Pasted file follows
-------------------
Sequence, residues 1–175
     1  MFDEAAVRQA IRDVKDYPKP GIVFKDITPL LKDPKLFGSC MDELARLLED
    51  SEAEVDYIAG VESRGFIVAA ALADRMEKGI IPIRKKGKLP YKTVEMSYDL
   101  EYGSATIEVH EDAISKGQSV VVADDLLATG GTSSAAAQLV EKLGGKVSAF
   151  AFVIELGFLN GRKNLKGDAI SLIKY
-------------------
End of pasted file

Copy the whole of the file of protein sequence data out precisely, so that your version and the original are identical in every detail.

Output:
Sequence, residues 1–175
     1  MFDEAAVRQA IRDVKDYPKP GIVFKDITPL LKDPKLFGSC MDELARLLED
    51  SEAEVDYIAG VESRGFIVAA ALADRMEKGI IPIRKKGKLP YKTVEMSYDL
   101  EYGSATIEVH EDAISKGQSV VVADDLLATG GTSSAAAQLV EKLGGKVSAF
   151  AFVIELGFLN GRKNLKGDAI SLIKY